All hail the Queen. By which, of course, I mean the sovereign named Latifah, the screen powerhouse whose effect on moviegoers is to make them sit taller, breathe more deeply, and open hearts more fully. I am a faithful subject who unapologetically enjoys Queen Latifah's movie vehicles, however shiny or rusty.
Joyful Noise, a Gospel-inflected Glee written and directed by Todd Graff with more affection than art, is in the latter category. His affection carries the day. Not since Dreamgirls have I heard a movie audience burst into spontaneous applause after on-screen musical numbers. It's the sequences between the numbers that are instantly forgettable.
In this film set in Pacashau, Ga., where the only store left on Main Street is a struggling hardware concern, Latifah plays Vi Rose, a choir lady whose chief article of faith is that parishioners don't want to hear your voice, they want to hear God through you. In this, Vi Rose is seriously mistaken, something that GG Sparrow (Dolly Parton), Vi's competitor for the newly vacated job of chorus director, does not fail to remind her. One of Graff's notable achievements is framing Latifah, nearly six feet tall, and Parton, a ringlet short of five feet, in the same shot.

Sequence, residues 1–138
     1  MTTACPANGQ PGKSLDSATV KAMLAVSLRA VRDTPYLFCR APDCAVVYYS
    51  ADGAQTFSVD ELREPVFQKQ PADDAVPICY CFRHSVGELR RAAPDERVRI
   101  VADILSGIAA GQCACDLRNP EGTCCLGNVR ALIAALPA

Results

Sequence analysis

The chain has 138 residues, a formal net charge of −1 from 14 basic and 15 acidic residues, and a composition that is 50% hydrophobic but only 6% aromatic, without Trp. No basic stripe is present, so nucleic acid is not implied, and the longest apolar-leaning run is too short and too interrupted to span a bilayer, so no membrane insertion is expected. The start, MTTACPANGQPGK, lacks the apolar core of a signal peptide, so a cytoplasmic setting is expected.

Vi Rose is a true believer in Gospel music and tough-love mothering, much to the annoyance of her teenage daughter, Olivia (lovely Keke Palmer, star of Akeelah and the Bee and television's True Jackson). GG's taste for a mashup of pop and country with her hymns, not to mention her hands-off grandmothering of Randy (Jeremy Jordan), doubly offends Vi Rose. The film's plot hinges on whether Vi Rose's Gospel songs or Randy's pop/Gospel mashups will be sung at the big church choir competition.